Orthodox monasteries as pilgrimage sites in contemporary Russia
Since the 1990s, Russia has witnessed a complete inversion in the religious identification of its population: in 1991, 61 percent of the population called themselves non-believers and 31 per cent identified as Orthodox Christians, while after a decade in 2003, polls reported 30 per cent non-believers and 61 per cent Orthodox (Dubin 2004, p. 35). Although the Pew Research Center defines Russia as a country with ‘moderate’ religious diversity,1 as of 2018, the religious market there is largely represented by Orthodox Christians (63 per cent), non-believers (23 per cent) and Muslims (8 per cent); some other minority groups comprise less than 1 per cent each.2
Along with the relatively high levels of religious belonging in the Orthodox church, religious participation among that membership is low. Many scholars have been trying to explain the discrepancy between religious self-identification and such classical sociological indicators of religious participation as, for example, frequency of church attendance and the taking of communion. Let us examine some of these explanations.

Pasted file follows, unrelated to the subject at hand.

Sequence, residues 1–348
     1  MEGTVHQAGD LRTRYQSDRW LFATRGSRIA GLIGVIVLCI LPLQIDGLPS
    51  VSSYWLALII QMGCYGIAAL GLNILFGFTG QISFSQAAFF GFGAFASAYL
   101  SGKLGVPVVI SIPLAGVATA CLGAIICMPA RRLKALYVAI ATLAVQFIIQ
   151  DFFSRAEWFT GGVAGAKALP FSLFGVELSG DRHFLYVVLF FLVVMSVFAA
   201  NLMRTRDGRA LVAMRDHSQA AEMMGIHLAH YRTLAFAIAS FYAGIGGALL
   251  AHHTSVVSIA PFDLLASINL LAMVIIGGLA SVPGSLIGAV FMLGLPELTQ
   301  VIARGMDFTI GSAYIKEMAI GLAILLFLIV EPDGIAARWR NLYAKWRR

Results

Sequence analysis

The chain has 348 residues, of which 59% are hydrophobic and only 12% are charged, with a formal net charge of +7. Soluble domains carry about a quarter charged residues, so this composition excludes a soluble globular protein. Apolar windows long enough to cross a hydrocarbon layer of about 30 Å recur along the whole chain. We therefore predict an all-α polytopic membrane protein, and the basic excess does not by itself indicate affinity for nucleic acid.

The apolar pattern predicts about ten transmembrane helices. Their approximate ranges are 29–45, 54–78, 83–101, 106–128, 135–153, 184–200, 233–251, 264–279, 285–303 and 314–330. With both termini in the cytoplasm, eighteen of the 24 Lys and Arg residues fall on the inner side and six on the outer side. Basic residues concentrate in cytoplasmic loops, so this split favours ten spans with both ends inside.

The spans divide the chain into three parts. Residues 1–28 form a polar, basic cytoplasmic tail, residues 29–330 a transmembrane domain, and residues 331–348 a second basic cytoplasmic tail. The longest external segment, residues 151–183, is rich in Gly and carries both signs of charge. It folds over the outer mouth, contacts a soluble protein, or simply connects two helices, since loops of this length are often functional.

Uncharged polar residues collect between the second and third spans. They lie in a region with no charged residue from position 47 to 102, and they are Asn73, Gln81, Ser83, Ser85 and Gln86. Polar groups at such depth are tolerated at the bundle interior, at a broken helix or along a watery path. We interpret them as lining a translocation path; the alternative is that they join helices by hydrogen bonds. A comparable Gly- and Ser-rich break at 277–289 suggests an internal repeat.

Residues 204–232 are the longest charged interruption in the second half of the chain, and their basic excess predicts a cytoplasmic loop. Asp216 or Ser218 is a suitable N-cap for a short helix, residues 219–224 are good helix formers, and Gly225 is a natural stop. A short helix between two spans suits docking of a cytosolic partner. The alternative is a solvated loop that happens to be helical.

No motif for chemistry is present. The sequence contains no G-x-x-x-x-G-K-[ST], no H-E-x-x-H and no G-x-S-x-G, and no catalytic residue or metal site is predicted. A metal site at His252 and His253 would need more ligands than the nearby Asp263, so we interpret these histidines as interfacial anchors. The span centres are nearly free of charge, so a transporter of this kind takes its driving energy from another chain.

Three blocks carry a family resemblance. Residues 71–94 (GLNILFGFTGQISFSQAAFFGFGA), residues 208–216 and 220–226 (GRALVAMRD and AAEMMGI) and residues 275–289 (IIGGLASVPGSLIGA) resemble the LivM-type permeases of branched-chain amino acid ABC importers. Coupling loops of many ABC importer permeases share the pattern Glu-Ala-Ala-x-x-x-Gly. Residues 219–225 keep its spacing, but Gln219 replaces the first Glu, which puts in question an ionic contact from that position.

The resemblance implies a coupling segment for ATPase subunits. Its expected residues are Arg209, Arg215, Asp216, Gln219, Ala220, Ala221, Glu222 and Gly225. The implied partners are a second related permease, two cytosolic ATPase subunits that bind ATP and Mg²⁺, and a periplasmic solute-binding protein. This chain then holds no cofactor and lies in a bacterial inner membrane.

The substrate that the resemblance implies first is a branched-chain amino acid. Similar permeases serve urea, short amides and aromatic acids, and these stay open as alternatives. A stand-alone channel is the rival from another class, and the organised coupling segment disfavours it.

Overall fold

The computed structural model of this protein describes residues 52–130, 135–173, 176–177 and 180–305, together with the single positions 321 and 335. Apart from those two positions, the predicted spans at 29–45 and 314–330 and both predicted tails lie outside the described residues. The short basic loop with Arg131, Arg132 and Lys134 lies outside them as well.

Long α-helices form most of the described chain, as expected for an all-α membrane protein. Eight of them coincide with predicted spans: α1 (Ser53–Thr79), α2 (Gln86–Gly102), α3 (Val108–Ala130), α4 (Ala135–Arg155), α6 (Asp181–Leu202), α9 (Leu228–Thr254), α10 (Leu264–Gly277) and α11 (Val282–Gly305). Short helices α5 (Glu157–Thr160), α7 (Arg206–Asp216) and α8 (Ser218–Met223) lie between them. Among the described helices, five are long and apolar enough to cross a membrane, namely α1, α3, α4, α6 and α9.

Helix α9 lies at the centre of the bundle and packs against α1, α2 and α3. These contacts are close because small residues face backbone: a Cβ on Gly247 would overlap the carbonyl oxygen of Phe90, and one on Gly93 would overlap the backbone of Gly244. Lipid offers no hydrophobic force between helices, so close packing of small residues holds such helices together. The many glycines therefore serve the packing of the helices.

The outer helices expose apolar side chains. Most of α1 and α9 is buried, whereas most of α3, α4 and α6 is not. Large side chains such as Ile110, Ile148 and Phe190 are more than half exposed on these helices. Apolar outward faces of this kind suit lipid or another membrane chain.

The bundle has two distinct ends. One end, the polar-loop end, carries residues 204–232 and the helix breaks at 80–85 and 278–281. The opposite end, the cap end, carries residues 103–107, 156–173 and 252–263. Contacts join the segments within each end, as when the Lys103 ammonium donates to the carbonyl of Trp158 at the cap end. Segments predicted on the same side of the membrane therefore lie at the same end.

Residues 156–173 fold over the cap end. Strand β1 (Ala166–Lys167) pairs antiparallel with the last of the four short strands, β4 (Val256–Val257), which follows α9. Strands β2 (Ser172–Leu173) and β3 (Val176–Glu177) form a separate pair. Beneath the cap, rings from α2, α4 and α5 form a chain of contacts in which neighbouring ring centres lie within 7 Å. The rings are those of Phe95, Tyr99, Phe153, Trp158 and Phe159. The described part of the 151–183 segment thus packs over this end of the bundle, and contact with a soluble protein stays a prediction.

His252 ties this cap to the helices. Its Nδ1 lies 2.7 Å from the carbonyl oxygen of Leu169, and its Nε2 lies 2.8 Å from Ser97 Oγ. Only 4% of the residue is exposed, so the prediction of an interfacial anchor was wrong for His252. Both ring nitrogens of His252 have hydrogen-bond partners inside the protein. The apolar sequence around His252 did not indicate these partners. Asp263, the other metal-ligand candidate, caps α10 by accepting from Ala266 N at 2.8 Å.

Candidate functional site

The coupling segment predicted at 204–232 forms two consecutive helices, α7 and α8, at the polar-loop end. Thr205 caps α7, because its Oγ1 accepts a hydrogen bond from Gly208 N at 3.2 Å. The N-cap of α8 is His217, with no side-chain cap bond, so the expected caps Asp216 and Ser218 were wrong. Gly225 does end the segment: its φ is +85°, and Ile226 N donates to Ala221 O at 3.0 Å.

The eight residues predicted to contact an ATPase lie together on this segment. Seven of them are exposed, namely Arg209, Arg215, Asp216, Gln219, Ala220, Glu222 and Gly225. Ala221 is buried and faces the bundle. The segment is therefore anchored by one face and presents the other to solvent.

One version suggests that mass conversion to Orthodoxy in the 1990s is not a sign of renaissance or formation of mass religious culture but rather an integral part of post-Soviet identity (Zorkaya 2009, p. 65). The discrepancy between church membership and participation is explained by ‘Orthodox’ being not only religious but also part of national, civil and cultural identity (Zorkaya 2013, p. 92), that is, when religious and ethnic identity are intertwined in the formula ‘being Russian means being Orthodox’.
Another possible explanation is given by religious market theory. The laws of religious market theory say that a diverse market stimulates religious activity among the population; the higher the number of religious groups competing for their members, the higher the general indicators of religiosity. Although religious interest has increased since the market became open in the 1990s in Russia, Pankhurst concludes that general church attendance remains low. He writes that ‘the domination of the Russian market by the Russian Orthodox Church so far seems to be confirming this expectation of low participation’ (Pankhurst 1998, pp. 134-5).